Not much hard sell here. This one is obvious: Recycling is good. It’s good because it reuses resources, meaning new trees don’t have to be chopped down and new oil doesn’t have to be drilled. It’s good because it stops landfills getting fuller. It’s good because it takes less energy to recycle than to produce from scratch. And although it’s an obvious one, and although it’s not a new idea and although it’s good, we still don’t do it enough.
Keep Britain Tidy reckons although recycling rates have improved, from 12% in 2000 to 42% in 2016, they’ve flattened in the last few years even as consumption and waste have continued to grow. And we remain lousy at separating recyclables from non-recyclables, contaminating what could be reused and dooming it to live forever in landfill.
Recycling is easy, which means not recycling is lazy. Most councils now have street collections for recyclable waste, all have recycling centres in their civic amenities sites and it’s tough to find a supermarket car park anywhere that doesn’t house recycling bins. All we have to do is hit our councils’ websites to find what facilities they have, which materials they can recycle and how to avoid contaminated stuff being rejected.
Results of my council website hitting revealed we have an absolute ton of blue bins around the city to recycle magazines, newspapers, comics, office paper, catalogues, phone directories, brochures, junk mail, drinks cans, food tins and plastic bottles for drinks, shampoo, bleach and milk. My recycled paper will become new paper, my recycled metal will become fridges and freezers and my recycled plastic bottles will become fleeces and more blue recycling bins. We have an absolute ton of green bins around the city to take glass bottles and jars and an absolute ton of brown bins to take loose compostable garden waste; we’re talking grass cuttings, leaves, hedge trimmings, plants and weeds but not soil, rubble or stones. My nearest civic amenities site is about five miles away and has facilities for all the stuff the blue, green and brown bins can handle as well as books, car batteries, card, cardboard, cooking oil, electrical items, engine oil, textiles, wood and Yellow Pages.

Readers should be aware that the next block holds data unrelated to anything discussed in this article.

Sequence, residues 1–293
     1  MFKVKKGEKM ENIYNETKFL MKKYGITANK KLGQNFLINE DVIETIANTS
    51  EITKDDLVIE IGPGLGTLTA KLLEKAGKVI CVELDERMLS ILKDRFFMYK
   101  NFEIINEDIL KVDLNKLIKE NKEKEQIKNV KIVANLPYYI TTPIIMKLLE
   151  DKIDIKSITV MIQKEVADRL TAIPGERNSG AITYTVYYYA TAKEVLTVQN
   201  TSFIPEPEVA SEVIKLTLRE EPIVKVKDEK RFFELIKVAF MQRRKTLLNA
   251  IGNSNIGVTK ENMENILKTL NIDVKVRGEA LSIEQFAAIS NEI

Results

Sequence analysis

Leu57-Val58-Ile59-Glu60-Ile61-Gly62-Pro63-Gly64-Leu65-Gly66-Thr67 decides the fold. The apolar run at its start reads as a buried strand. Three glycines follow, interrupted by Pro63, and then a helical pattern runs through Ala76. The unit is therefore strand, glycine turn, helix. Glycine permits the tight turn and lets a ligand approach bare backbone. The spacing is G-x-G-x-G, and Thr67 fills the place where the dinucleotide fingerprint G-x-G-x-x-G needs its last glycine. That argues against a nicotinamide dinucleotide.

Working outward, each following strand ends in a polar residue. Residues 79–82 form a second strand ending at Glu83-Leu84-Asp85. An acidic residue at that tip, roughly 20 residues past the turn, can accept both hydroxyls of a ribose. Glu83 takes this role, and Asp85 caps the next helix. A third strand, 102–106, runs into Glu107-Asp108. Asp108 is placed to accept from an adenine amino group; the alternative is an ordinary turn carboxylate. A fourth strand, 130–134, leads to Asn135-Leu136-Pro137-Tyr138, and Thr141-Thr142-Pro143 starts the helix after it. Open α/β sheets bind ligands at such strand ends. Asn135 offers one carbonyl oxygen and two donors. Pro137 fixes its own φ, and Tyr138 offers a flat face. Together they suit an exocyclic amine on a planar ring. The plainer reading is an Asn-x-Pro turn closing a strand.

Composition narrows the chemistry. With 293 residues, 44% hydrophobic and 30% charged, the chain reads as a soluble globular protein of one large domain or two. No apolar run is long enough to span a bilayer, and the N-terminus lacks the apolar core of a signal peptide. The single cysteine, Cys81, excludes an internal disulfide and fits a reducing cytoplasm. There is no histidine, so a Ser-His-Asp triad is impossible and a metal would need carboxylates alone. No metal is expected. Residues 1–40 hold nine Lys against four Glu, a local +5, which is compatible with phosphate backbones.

It can’t take envelopes, shredded paper, plastic bags, polystyrene, yogurt pots, Tetra Pak containers, plastic food containers, paint cans, cling film or other plastic wrapping, crockery, drinking glasses or light bulbs so we have some work to do. If I tear the sticky bit off envelopes the rest can be recycled in the blue bins. I can avoid plastic carrier bags completely because they’re made by Satan, I can avoid plastic yogurt pots by going for recyclable card pots, and Tetra Pak by going for juice and milk in plastic bottles where I have to – although that means dirty-bad oil. That, combined with choosing sustainable materials all the time always, should take get me a little closer to the top of the moral high ground.
And high ground is what we’ll need when the sea levels rise thanks to the rest of you flinging all your junk in the bin.
You must have heard of this
Come on now
Photo credit: Jeff Bottai/Getty Images/parallel thinking
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